Letters to the editor 25.04.19

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Use delivery companies that do not charge extra

I was most interested to read about the man having trouble getting deliveries from John Lewis (‘Retailer won’t deliver to Isle of Oban), The Oban Times, April 11).

I live in Dalavich, on the front near the road, and see John Lewis and Harrods vans go by – yes, Harrods – and if they can come all that way from London, does it not make all those other over-charging companies look rather stupid?

I deal with companies that deliver for free only, and believe me, they are out there.

I bought a wooden farm gate and also a side gate on the internet, both delivered free and that was from Devon, so when I see those notes saying if you live in PA postcode area it will cost extra, it makes my blood boil.

Thomas Middleton, Dalavich Village.

School strikers are fighting for the planet’s future

There is not space in a short letter to summarise the mass of evidence that D C Gill has managed to miss (Lochaber Times, Letters, April 11), published in thousands of scientific papers, demonstrating clearly that the steady warming of the Earth over the past 50 years is almost entirely man-made.

The scientific method, and scientists themselves, may not be perfect but it has proven to be the best approach to understanding the world, and burying one’s head in the sand is scarcely a credible alternative.

Fortunately, some of our children are better schooled in the scientific basis of climate change than their elders. They understand the links between human activity, greenhouse gases, planetary heating and the potentially devastating consequences for humanity and the natural world that may follow.

They have chosen, entirely of their own volition, to act. The school strikers have actively resisted the involvement of adult organisations with their movement, precisely because they do not wish to be anyone’s pawns. They have acted of their own accord, inspired solely by a single Swedish schoolgirl who has done her homework.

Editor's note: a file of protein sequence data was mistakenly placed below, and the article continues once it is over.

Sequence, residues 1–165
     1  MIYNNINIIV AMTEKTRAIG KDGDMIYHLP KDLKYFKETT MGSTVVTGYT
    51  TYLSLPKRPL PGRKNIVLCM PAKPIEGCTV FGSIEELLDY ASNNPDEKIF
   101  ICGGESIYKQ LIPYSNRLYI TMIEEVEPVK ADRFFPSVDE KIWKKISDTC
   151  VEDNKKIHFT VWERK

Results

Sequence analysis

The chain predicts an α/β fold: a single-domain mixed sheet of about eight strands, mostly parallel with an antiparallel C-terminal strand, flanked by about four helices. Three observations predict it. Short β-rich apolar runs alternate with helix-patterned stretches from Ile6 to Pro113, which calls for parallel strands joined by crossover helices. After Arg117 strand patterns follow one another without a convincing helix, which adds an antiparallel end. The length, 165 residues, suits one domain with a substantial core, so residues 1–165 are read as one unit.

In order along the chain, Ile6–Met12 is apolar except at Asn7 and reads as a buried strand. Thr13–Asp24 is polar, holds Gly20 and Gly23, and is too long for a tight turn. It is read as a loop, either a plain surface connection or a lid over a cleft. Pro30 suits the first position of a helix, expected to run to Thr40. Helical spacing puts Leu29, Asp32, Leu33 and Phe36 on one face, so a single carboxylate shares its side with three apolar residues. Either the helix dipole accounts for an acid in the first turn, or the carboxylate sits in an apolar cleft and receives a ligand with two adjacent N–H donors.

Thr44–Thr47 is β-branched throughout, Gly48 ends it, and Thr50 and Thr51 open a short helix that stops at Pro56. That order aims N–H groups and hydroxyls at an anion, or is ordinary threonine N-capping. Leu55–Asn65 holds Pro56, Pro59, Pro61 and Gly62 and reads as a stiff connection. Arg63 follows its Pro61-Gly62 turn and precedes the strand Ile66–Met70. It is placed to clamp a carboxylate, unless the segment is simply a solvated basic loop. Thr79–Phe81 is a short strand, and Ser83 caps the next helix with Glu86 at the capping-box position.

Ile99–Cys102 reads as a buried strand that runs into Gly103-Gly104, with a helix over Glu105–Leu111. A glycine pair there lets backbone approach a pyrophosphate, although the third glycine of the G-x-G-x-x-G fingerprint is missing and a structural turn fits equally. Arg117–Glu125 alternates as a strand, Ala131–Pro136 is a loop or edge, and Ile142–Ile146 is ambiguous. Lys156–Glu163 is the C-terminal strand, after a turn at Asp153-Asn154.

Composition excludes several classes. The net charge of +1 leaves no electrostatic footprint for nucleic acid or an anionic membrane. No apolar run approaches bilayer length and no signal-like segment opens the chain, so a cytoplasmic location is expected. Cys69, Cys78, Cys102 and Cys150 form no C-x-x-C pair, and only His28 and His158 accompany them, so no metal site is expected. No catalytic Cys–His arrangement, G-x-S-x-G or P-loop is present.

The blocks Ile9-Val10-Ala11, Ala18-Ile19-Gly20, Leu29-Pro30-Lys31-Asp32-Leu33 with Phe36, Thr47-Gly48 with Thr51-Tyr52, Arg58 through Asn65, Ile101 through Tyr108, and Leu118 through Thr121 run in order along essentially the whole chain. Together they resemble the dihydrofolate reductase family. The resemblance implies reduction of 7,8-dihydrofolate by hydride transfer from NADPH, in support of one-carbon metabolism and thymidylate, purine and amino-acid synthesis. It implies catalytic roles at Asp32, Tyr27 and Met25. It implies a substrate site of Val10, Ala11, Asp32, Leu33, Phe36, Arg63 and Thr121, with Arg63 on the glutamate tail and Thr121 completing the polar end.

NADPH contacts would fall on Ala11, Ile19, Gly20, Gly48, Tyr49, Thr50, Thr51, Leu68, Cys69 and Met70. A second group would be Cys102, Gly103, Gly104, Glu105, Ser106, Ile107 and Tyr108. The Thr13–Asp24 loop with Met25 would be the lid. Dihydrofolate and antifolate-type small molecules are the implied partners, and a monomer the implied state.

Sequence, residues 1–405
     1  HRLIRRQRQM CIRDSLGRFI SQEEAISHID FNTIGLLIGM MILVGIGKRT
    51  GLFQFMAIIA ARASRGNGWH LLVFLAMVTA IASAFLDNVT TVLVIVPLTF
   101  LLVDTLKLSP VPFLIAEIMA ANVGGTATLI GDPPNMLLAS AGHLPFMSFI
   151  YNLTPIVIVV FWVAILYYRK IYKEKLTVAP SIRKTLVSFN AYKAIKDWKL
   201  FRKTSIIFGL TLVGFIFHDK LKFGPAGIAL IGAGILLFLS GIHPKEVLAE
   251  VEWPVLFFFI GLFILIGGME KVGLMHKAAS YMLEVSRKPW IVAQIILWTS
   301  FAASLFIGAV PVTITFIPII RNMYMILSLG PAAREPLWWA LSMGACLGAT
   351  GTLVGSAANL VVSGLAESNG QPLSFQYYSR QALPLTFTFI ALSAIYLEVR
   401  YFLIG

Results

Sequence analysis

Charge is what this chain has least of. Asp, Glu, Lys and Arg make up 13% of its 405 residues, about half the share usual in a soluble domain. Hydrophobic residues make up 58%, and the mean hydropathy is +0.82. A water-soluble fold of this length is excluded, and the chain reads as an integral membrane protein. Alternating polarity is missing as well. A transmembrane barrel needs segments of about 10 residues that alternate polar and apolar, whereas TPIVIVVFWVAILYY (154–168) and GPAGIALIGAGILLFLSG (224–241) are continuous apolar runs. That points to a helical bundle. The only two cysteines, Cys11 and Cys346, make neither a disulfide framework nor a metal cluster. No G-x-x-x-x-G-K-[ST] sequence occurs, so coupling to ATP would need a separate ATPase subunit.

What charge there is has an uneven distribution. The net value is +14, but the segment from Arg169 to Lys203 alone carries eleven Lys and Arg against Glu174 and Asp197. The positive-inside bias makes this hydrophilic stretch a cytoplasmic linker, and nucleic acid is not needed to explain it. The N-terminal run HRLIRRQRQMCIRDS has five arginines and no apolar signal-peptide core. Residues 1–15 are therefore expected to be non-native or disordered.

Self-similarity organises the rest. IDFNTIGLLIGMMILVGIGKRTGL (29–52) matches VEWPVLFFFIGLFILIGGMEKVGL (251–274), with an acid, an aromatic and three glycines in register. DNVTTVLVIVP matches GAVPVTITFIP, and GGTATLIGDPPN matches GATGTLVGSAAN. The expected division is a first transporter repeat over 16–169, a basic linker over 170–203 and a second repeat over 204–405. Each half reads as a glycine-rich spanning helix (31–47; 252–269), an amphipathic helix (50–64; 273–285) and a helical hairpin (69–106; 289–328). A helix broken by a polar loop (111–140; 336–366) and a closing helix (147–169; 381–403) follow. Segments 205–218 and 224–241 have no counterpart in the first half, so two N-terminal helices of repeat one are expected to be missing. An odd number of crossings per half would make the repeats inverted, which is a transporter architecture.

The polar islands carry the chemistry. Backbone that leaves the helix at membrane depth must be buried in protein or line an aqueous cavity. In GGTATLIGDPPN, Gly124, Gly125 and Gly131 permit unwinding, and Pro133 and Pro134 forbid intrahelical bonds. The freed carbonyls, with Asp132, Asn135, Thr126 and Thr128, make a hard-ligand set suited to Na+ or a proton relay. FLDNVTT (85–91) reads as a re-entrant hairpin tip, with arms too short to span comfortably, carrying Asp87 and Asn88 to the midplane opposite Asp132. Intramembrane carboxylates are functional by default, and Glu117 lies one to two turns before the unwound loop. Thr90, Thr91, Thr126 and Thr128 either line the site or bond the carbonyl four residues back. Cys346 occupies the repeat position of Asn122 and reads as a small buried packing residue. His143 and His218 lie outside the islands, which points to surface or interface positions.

D C Gill’s views are the past. Some of our children have decided that their future is worth fighting for.

Philip Gillibrand, Kinlocheil.

Change the way you think to improve environment

When I read the article titled ‘Councillor slams worsening litter’ (Lochaber Times, March 28), I started to wonder what drives people to litter.

I believe the reason lies in the universal plague where people don’t believe they are enough and as a result don’t respect themselves. Because when you like and respect yourself, it shows up in how you treat your environment. When you like yourself, your life is extraordinary, and you cherish your environment.

As a therapist, I meet so many people who don’t like themselves and, by extension, they create environments and lives they don’t like either. People need to learn to like themselves – not because they are perfect, or had perfect parents, or experienced no adversity – but because everyone is
enough, everyone is lovable.

We are all born knowing we are lovable and enough, but we unlearn this behaviour as our environment gives us messages and experiences that
cause us to take on negative self-belief.

The good news is that science shows us we can change. When we change our thinking (rewiring our brain), we change ourselves. Emotional healing
and feeling good about ourselves is available to everybody.

I’m talking about a sense of radical self-love. And it’s easier to achieve than you think. Try this: take a lipstick or an old eyeliner or a dry-wipe marker and write on the mirrors in your house: ‘I am enough.’ Say it to yourself in the shower, when you brush your teeth, when you go out in the morning. Keep saying it to yourself because the brain learns by repetition.

Change how you speak to yourself because the brain only responds to two things: the words you say and the pictures you create. Change what you say to yourself with more of ‘I am enough’, ‘I am worthy of love’, ‘I am
lovable’.

Your mind is yours to change. Feeling good about yourself is available to you and living in a beautiful clean environment is a manifestation of this.

Michelle du Preez, Kinlochleven.

Appeal for help to trace origins of songs

Recently we presented one of our Scotland in Scenes, Songs, Music and Stories shows (‘Lovely Argyll’) in Oban and Dunbeg, and included the song Bonnie Oban Bay.

We believe the melody was composed by John MacDonald, who moved from Coll to live in Oban, but we would like to know who wrote the words, as we always acknowledge the composers of songs and tunes.

Also, do any of your readers have a copy of the words to a song entitled The Shores of Loch Fyne, composed by the legendary shinty goalkeeper for Kyles Athletic, Celly Paterson?

Alistair MacNeill (4S Stravaig), 41 Lady Jane Gardens, North Berwick, EH39 4ER.